Opinion

Wednesday, Apr 02 2014 06:00 AM

Public Safety Talk: Burglaries decline, but still important to be careful

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Teri Cryer of Tehachapi Police Department.

The Tehachapi Police Department has recently reported the positive decline in burglary. In 2012, burglaries in the city of Tehachapi were reported as 210, and in 2013, this number decreased to 183 burglaries, a decline of 13 percent. Whereas this information is great news, the fact still exists that there is more that can be done to decrease this number.

It's unfortunate how often break ins, be it home or vehicle, occur because the owner simply does not perform the basic function of locking the door. Yes, most of the time the old tried and true methods do still work! Of course there is more that can be done than locking doors, but I cannot stress enough how many cases the TPD and other agencies get involving the ole unlocked door.

Since the inception of online companies such as EBay and Craigslist in 1995, the modern thief is now finding multiple sources in which to offload their stolen goods. Online sale sources is one, a few others are garage sales, gold buying companies which seem to now be on every corner, and pawn shops. With this being the case, marking your property is crucial. Marking your property also makes the items less attractive to would-be thieves.

Law enforcement recovers a lot of stolen property in numerous ways, and once in our possession, we then begin the tedious and head scratching task of trying to identify who the property belongs to. Most victims cannot supply any information on their property beyond a basic description such as what the item is and the color i.e. a black Dell laptop. What this means for the victim is that they will most likely never see their possessions again. Law Enforcement agencies need more information from property owners for the recovery process, such as a serial number or picture, which makes all the difference.

There are a few new innovative tools in the world of crime prevention and property recovery that will benefit all involved, except for the criminal of course.

The Tehachapi Police Department has recently joined forces with CopDots. This technology is available to consumers in order to provide law enforcement officers with contact information for located property. CopDots is known as the DNA for personal property and is accomplished by the new micro dot technology where micro dots containing a unique PIN connect your property to you. The CopDots pen applicator contains more than 3,000 micro dots and will mark approximately 30 items such as tools, jewelry, electronics, etc. The micro dots adhere to the property with military grade glue which can only be removed by grinding them off, which then damages the item. Pawn shops are always suspicious of articles that show damage due to possible identification removal. TPD and local law enforcement will be looking for CopDots on property. The glue becomes apparent under a blue light and the Tehachapi Police Department, as well as local pawn shops are equipped to detect them.

CopDots greatly increase the odds of thieves being caught and convicted, and so deterring many criminals from stealing property marked with CopDots. CopDots are currently available for just under $30 at local retailers. Visit CopDots.com for more information. CopDots may also be available in the near future at the police department with proceeds going to the volunteer programs.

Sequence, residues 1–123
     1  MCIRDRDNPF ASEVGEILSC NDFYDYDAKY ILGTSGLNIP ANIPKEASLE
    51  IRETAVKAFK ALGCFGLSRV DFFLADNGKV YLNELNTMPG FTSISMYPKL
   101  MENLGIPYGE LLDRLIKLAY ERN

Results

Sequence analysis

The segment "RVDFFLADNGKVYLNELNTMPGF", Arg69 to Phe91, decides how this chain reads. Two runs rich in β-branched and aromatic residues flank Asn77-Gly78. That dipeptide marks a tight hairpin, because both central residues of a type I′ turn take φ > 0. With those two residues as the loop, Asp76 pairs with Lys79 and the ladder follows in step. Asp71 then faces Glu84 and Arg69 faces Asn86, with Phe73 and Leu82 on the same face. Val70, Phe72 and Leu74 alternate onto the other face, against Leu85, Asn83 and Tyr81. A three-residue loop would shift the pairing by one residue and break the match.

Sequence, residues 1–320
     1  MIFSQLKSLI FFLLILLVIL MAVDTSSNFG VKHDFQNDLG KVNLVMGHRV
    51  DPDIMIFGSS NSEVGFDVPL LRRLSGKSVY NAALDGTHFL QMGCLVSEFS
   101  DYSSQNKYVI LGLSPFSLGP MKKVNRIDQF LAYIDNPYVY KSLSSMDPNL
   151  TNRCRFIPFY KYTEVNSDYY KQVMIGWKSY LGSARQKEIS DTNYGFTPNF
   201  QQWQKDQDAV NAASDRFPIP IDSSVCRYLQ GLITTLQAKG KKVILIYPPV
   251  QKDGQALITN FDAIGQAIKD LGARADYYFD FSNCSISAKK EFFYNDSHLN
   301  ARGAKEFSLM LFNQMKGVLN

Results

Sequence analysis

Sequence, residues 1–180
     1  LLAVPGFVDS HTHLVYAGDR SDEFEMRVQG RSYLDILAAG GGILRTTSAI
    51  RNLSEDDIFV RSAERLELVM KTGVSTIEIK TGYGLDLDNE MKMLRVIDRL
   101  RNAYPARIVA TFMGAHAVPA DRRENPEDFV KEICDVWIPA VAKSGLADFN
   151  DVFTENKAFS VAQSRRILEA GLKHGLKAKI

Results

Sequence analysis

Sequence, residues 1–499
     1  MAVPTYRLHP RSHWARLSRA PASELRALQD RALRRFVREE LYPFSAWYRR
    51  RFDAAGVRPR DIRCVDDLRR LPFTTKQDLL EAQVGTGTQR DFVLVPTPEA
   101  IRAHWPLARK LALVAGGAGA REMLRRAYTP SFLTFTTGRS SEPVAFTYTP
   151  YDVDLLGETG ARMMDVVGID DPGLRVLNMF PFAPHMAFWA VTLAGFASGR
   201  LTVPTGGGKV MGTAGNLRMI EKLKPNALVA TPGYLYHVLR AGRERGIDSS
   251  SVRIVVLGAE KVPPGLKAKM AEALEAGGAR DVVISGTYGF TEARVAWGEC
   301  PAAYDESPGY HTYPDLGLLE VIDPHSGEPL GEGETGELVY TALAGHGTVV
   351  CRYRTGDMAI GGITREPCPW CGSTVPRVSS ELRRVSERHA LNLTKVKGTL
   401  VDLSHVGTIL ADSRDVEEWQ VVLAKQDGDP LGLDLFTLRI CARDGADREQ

Another source that assists the homeowner in documenting their possessions is "Know Your Stuff.org". This site allows you to securely keep information on you and your property. You can upload pictures of your property, document serial and model numbers and more. Your information will then be accessible from any computer in the event you cannot access your own.

The California state legislature passed bill AB 391 in 2012. The bill should significantly increase law enforcement's ability to track pawned items. The bill will create a statewide electronic system that would simplify the reporting process and make records more easily accessible by law enforcement. As the system now stands, the pawn shops have to report all items pawned in their store to their local law enforcement agency. It is then up to that agency to disperse each individual "pawn slip" to the local law enforcement agency in which the person who pawned the items, resides. Some agencies are so inundated with pawn slips, separating them all and mailing them to the appropriate agencies is just not a viable option. So at that point, communication fails and potential stolen property can never be tracked. With the implementation of this new bill, when the system goes online, any item pawned within the state of California will be in one state wide system and all law enforcement will have access to it. The bill reads that this should begin occurring "early 2013." Tracking and recovering stolen property should be easier than ever at that point.

There are a lot of home owners who have never suffered a loss through general theft or a burglary, which unfortunately, typically leaves a sense of nonurgency to protect your things from theft until after an event occurs. Please help your local law enforcement agencies help you by marking and documenting your property.

TERI CRYER is the Tehachapi Police Department's community resource for education on crime prevention, neighborhood watch programs, community outreach programs and much more.

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2014/10/15
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